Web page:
Put yourself in this scenario: Saturday. 6am. Coffee. Your goal is to get three things done this morning, but you woke up four hours too late to accomplish it.
When your board retreat starts at 9am, you’ve got two choices; be there, or be there and think about where you want to be. You choose option two.
It’s noon. You’re at your kids’ school. You run around the halls for an hour and a half helping the PTO get ready for a 2pm event.
It’s 1:30. Everybody is done their work and they’re waiting for people to show up. You’re sitting in a chair built for a first-grader and plugging away on an email.
Kids are running all over the place, but there’s only one kid in the hallway you’re in. He runs over, stands straight up and looks at you. He says, “What awe you doing?” You look at him silently. You’re still all heated up about your wasted day. You look back at your phone because, unlike that kid, you have stuff to do.
The kindergarten kid points at your phone. With a straight face, he asks, “What’s that?”
You stare up again – right into the kid’s eyes. He’s looking down the hall. When you look at him, he stares back at you. You let out one of those quick chest laughs that just happen. The kid shoots back the exact same laugh. A second passes and you both start dying laughing for no reason.
You get your butt out of the first-grader chair to find your kids.
Time doesn’t pass without the present – like it or not. There are plenty of opportunities to like it. A kindergartener can tell you that.
My favorite word is downright dirty. I’ve never heard it used lightly. In fact, I dare you to say it without a hard “R” and a bold gleam in your eye. Go ahead… “GRIT.”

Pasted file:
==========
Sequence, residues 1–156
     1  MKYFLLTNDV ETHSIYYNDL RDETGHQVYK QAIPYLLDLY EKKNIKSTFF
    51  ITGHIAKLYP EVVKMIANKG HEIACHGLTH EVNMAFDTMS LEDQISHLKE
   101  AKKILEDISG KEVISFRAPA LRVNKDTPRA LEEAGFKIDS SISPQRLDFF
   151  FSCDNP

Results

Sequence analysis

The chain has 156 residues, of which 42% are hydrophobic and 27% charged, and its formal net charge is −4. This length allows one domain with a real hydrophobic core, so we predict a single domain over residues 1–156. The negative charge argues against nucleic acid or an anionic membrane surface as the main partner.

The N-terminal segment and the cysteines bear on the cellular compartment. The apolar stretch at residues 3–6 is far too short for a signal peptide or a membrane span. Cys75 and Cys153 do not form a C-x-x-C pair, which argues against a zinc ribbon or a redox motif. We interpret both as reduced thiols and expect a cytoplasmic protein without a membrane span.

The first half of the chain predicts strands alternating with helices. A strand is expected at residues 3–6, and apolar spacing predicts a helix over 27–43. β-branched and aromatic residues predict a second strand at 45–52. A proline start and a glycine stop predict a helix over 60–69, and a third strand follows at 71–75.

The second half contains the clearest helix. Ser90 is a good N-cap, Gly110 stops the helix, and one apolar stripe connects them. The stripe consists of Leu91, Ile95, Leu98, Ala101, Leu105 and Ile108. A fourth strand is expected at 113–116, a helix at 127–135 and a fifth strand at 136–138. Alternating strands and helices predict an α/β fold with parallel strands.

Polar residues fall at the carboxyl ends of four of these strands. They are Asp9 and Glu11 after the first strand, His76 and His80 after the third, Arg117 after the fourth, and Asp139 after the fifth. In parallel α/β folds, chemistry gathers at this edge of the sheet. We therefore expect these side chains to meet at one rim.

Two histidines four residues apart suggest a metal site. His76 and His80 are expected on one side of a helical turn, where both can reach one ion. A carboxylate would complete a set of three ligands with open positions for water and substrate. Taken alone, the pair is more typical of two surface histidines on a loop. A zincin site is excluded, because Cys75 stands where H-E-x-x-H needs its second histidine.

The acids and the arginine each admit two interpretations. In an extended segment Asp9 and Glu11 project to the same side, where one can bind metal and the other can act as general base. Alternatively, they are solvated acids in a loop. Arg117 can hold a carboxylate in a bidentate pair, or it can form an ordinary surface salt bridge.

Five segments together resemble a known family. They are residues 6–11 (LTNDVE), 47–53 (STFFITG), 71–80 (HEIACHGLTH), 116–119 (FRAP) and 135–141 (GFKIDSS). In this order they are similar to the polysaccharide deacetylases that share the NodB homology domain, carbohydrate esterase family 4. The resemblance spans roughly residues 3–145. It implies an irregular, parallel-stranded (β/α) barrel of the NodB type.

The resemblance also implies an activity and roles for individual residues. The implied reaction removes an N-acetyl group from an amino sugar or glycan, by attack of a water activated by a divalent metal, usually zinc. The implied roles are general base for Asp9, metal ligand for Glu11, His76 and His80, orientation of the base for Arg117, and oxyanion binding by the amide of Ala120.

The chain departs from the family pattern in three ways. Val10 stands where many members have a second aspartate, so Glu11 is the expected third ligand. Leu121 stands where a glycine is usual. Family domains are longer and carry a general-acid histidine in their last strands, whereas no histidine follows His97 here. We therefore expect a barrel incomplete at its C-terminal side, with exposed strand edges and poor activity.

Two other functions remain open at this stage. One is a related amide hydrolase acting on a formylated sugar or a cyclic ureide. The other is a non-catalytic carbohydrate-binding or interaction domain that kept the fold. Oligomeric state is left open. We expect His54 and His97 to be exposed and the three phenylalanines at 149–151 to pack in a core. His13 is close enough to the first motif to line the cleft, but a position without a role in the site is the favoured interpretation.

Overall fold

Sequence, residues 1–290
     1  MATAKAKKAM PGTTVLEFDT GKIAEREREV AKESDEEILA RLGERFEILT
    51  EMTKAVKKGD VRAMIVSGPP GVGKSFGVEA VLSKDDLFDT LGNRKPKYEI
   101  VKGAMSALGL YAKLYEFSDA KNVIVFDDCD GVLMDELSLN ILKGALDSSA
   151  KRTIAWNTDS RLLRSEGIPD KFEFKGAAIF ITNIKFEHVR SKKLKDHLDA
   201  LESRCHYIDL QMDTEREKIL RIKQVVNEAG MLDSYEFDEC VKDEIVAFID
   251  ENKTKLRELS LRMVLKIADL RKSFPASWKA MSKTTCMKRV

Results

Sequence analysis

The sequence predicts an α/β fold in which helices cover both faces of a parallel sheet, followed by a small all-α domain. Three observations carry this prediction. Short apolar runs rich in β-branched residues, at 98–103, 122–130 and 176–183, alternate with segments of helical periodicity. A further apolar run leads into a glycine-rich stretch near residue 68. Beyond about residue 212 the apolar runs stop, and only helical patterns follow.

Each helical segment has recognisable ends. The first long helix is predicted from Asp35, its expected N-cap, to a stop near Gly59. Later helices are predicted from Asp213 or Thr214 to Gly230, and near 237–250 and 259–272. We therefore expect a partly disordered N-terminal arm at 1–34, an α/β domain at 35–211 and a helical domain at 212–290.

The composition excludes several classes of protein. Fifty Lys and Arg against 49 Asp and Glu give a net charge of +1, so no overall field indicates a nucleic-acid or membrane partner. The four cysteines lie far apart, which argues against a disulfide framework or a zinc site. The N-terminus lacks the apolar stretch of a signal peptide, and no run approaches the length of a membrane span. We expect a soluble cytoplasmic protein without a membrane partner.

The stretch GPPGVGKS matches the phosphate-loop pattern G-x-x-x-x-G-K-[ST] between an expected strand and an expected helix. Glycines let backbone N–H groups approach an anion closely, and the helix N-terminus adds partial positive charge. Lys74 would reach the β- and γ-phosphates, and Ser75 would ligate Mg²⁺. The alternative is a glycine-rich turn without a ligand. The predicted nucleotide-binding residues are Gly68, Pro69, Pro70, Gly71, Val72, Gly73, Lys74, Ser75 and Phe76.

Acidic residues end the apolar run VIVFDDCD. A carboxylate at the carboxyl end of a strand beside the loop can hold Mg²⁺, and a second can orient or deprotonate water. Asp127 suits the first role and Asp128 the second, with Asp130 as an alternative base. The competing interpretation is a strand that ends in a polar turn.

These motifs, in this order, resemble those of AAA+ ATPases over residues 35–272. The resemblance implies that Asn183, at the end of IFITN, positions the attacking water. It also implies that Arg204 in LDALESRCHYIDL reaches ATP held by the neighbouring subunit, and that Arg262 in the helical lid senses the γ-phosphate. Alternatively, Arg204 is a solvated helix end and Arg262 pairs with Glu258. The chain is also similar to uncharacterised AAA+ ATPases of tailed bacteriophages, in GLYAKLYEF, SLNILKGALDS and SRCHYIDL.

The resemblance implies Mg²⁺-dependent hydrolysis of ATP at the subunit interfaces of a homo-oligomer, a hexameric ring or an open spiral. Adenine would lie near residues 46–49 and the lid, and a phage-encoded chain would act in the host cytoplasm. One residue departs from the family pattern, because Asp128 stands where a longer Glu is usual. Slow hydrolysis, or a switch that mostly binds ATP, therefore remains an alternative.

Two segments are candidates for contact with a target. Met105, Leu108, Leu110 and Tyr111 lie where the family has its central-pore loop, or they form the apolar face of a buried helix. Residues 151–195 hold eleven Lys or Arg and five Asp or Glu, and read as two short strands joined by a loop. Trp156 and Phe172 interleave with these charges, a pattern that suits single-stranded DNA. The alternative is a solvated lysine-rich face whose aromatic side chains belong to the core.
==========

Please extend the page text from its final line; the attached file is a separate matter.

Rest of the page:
Man, there are over a million words in the English language but they can’t… touch… “GRIT.” It’s short, it’s sharp and everybody knows what it feels like on the hands and in the heart. If you don’t know what grit is, you can forget all the other words you know because you might be breathing, but you ain’t livin’.
I have a favorite place too. It’s just as resilient and just as sharp. It gets beaten and battered, but it won’t stop getting up. People who know it best either resent it or revere it. You know what I’m talking about – 32 years a Yorker.
We grew up saying, “I don’t know what I want to do, but I know I don’t want to do it in York.” To this day I’m not sure why we said that… but I have a guess. We grew up in a town that forgot it had grit.
Grit isn’t easy. We all talk about how it would be nice if… and… how things should be… and… how they once were. When we’re done talking, we realize that we better keep talking or we’ll be expected to do something about it – so we talk. And that’s what Yorkers did – we talked.
A while ago a group of Yorkers stopped talking. They just shut up and went silent. They were downtown digging up grit.
Downtown is all grit. I’m talking about the kind that comes to the surface when people stop talking and get busy building what they can with what they have.
There are still plenty of folks who like to talk about how things should be… and what would be nice… and how things once were. They’ll keep talking. The folks downtown will keep working.
A while from now, the talkers might walk downtown – they might not. If they do, our quiet friends will wash the grit off their hands and greet them with a gleam in their eye. They’ll just say, “Welcome back.”
A relatively wise old man once told me that every ten seconds you take to explain something, you lose 10% of your audience. Since one in ten of you is about to bail, here’s what to expect out of me:
1. unapologetically optimistic thoughts about York – my hometown.
2. stuff about townies – my family and friends
3. zero complaining
Come back sometime. Only two things can happen – you’ll like it or you’ll have a go-to blog to bash. We all win either way.